“Why do we have a British officer on board? – That doesn’t seem very piratical.” Wilford Glump, a steady pirate who didn’t often bring attention to himself asked. As he did, he gestured toward young Mandrake as he stood off to the side of the meeting.

“This is Admiral Tharp’s son and we are returning him to his father in England.” Slappy asserted in a matter-of-fact tone that suggested that he had explained all there was to know about the situation. However, the chorus of follow-up questions quickly began.

“Why are we doing that?”

“Why don’t we just kill him?”

“Will there be a hefty ransom involved?”

“Why does he look so much like Dogwatch?”

Before Cap’n Slappy could say anything, young Mandrake spoke up. “Because your captain is my uncle!”

A hush fell over the crowd as they started putting the pieces together. “Does that mean you are Admiral Tharp’s brother?”

Slappy’s eyes bulged as he looked to Ol’ Chumbucket for an idea. He got a shrug of the shoulders instead.

Finally, Slappy just began blurting things out.

“Brothers! Sisters! Nephews! – this young man belongs to a religious order that – …”

“I belong to no religious order!” Mandrake asserted.

Slappy continued over the top of him. “ … that is so secret – they all have to deny it even exists! But in their order, we are all related! Cousins! Aunts! Grandparents! Step Children! And when you think about it – we are, all of us, one big family!” Slappy gestured to Wellington Peddicord, “It matters not the color of our skin! For we are all brothers and sisters – second cousins twice removed! Grand Aunts!”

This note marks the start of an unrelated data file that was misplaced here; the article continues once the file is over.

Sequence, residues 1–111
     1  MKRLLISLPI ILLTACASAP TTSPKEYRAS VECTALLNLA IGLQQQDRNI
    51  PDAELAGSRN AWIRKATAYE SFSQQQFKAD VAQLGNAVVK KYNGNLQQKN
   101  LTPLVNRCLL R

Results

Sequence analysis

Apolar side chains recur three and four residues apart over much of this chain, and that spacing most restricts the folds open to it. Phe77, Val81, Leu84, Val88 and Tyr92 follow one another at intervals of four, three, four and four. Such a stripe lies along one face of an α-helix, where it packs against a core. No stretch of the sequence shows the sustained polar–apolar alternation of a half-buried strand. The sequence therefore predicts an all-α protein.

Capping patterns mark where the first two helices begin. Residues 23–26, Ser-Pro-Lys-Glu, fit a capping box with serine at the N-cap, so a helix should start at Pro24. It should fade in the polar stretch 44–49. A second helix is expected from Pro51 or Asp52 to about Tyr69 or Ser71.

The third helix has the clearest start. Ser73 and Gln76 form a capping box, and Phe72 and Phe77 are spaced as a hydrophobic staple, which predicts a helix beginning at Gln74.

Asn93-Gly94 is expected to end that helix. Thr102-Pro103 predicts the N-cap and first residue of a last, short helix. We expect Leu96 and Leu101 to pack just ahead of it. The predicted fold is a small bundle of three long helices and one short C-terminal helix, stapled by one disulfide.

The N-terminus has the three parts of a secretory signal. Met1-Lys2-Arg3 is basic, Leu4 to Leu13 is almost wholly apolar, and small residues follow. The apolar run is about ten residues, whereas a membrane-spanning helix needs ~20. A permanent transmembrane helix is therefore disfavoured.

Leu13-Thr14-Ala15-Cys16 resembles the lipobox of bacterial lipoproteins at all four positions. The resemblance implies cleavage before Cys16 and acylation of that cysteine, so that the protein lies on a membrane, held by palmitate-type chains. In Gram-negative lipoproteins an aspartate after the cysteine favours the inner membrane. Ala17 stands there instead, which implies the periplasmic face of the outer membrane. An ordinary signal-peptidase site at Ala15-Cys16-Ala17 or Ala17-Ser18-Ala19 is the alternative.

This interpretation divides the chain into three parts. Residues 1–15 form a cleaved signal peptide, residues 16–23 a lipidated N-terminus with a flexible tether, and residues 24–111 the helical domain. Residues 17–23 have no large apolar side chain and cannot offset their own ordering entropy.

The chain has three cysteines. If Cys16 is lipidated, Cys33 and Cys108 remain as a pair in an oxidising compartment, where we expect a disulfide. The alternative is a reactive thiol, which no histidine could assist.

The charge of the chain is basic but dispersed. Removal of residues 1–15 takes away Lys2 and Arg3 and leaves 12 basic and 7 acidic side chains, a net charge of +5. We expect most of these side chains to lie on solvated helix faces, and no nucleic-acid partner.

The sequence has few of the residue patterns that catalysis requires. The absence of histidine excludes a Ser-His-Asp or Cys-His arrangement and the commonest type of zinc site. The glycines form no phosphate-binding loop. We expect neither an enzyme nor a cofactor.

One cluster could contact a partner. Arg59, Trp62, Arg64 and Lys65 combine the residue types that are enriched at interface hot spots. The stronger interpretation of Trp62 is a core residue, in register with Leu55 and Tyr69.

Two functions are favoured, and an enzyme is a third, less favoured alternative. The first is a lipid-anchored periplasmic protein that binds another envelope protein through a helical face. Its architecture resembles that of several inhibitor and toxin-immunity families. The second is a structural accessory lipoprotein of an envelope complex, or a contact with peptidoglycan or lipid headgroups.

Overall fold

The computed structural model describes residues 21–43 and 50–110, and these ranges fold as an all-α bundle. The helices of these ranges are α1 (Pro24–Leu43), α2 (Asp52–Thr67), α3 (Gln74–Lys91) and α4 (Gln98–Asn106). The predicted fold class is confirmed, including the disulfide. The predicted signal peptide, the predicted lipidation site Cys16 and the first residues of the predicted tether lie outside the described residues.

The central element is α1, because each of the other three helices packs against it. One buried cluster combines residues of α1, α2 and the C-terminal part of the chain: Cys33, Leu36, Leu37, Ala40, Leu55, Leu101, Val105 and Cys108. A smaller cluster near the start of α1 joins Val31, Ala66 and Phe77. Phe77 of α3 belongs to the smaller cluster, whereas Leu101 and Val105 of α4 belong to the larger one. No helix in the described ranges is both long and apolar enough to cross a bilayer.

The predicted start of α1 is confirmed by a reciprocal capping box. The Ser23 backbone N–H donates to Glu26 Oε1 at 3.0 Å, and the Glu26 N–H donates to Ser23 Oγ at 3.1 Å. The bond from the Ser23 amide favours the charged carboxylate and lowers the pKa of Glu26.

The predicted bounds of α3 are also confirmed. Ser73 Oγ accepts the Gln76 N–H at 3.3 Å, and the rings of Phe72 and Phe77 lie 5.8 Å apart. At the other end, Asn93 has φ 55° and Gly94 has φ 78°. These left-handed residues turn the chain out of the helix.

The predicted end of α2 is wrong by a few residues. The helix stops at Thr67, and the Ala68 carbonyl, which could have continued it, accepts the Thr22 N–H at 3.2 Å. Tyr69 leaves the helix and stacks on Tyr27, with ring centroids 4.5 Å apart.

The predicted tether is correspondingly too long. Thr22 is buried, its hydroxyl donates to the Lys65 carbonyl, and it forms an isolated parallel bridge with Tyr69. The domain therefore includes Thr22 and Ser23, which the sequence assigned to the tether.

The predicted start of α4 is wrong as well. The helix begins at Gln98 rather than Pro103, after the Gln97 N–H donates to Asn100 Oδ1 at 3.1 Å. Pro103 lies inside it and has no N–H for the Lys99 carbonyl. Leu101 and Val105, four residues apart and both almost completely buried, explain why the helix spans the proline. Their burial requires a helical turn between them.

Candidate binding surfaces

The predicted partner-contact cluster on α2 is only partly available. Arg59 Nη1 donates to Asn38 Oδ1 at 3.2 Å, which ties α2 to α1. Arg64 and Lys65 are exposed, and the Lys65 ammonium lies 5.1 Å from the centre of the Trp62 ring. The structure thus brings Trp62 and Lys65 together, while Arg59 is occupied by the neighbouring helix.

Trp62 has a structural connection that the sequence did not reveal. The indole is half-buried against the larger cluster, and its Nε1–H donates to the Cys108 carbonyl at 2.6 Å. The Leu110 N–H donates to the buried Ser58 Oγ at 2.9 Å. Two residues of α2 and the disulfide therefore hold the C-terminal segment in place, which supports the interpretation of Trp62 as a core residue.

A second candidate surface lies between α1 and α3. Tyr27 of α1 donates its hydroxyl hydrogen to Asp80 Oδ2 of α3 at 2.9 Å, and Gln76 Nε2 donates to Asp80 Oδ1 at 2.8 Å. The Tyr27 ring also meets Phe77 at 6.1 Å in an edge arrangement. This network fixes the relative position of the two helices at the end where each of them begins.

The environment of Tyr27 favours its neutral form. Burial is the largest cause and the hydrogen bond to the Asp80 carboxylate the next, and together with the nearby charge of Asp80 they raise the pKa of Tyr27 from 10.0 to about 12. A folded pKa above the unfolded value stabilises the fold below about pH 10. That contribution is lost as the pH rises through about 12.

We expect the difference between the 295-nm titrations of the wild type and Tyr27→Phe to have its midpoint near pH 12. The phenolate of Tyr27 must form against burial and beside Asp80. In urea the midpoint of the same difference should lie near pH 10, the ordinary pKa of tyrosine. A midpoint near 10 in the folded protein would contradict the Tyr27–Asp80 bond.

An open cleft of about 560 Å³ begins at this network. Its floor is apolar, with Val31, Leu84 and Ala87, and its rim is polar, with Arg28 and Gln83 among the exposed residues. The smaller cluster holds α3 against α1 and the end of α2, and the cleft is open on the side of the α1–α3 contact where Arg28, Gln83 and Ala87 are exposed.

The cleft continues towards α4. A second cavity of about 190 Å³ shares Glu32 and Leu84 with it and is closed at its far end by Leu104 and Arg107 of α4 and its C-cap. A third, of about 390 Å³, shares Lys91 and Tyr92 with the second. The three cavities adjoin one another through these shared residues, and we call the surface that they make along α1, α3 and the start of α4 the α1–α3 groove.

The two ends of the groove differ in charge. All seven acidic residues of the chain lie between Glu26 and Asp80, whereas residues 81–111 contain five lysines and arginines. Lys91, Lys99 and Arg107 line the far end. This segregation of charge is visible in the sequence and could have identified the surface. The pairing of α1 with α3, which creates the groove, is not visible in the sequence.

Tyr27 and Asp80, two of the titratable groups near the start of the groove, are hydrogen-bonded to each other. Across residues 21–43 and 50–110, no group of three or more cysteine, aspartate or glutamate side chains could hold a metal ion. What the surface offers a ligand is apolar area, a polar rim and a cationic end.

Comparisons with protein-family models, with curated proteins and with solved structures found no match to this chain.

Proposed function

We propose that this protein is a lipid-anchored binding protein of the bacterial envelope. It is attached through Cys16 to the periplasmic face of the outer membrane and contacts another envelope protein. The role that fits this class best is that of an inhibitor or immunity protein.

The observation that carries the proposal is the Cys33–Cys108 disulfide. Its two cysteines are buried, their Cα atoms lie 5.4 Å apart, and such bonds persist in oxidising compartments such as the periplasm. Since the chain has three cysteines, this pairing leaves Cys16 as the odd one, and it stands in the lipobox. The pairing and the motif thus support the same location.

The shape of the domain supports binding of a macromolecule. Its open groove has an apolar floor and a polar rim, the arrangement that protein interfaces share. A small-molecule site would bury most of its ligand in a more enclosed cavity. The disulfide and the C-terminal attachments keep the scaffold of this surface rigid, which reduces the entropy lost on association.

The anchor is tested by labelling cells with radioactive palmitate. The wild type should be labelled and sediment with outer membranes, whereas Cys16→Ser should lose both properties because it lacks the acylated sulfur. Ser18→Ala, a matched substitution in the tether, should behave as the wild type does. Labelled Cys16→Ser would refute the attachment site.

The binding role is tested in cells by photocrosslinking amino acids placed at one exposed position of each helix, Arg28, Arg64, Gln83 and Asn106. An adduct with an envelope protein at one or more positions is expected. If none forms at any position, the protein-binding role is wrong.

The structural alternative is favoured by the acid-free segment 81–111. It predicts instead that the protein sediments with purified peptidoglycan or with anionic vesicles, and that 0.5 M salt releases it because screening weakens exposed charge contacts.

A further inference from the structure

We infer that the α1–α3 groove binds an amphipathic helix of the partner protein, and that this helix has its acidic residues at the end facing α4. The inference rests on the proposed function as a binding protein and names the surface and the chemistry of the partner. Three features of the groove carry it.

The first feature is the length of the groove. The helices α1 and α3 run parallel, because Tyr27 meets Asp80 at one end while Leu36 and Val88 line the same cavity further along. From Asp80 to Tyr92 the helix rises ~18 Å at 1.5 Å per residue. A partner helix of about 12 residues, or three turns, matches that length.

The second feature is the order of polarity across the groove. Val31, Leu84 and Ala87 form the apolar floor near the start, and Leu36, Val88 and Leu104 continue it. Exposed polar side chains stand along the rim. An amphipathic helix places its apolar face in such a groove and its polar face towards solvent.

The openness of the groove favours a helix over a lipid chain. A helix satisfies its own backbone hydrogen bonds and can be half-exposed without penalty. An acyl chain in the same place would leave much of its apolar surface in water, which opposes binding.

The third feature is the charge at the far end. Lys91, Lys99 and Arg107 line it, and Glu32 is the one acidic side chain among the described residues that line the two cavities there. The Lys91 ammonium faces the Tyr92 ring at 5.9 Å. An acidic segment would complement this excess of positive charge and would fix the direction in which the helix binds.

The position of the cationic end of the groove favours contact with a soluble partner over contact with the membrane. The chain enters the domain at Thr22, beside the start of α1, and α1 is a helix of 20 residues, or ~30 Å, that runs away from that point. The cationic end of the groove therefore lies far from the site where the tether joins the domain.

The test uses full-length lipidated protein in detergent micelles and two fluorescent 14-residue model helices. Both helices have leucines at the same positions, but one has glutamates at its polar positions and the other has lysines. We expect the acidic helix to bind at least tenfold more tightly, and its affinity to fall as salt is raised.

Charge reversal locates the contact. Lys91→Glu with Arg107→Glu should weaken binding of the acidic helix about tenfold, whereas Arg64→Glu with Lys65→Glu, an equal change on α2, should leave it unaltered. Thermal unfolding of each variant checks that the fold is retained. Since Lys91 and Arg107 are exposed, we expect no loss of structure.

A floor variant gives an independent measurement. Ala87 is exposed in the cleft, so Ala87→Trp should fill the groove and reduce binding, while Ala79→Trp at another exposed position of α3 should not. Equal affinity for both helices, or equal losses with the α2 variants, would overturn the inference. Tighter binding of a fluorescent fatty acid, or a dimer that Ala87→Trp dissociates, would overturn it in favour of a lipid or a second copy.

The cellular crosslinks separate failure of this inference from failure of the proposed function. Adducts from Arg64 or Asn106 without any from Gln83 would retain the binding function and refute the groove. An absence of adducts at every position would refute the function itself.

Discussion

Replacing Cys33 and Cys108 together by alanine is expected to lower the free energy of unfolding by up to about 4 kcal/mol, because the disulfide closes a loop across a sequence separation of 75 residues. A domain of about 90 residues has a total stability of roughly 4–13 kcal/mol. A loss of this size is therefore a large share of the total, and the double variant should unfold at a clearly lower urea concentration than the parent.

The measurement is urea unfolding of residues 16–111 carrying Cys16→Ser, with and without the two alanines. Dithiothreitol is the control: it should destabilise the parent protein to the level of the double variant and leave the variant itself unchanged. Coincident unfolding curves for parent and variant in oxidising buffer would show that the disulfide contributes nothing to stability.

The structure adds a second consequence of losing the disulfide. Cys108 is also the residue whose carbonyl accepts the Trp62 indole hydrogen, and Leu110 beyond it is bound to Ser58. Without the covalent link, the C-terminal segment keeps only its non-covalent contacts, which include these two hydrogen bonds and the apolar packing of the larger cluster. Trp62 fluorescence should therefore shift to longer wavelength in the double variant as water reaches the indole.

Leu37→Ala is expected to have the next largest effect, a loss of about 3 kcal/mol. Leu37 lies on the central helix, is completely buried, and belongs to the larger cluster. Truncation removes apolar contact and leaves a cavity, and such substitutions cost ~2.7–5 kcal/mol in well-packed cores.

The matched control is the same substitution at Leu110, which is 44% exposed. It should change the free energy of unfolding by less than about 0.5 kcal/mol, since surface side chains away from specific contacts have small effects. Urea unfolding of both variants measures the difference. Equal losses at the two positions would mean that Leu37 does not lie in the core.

Slappy moved quickly to Mandrake’s side and through his arm around the young man’s shoulder. “And beyond the ransom or the fact that his father can do us favors or the logic of just having one more friend in the British navy – this young man has taught us the nature of our relationships with one another. Therefore, brothers, sisters, half-siblings, let us go forth in the bonds of family love and take good care of one another! This meeting is adjourned!”

There was a smattering of applause and one pirate yelled, “Thank you brother Slappy!”

Dogwatch finally made an appearance – he had been below deck helping Doc Burgess give Cementhands a sponge bath which involved not only sponges and soap – but an complicated structure of pulleys and poles designed by Salty Jim the ship’s carpenter.

“Sorry I’m late, Cap’n!” Dogwatch said as he joined Slappy and Mandrake. “Did I miss anything?”

Mandrake was struck hard by the likeness between the two of them – but Dogwatch hardly seemed to take notice.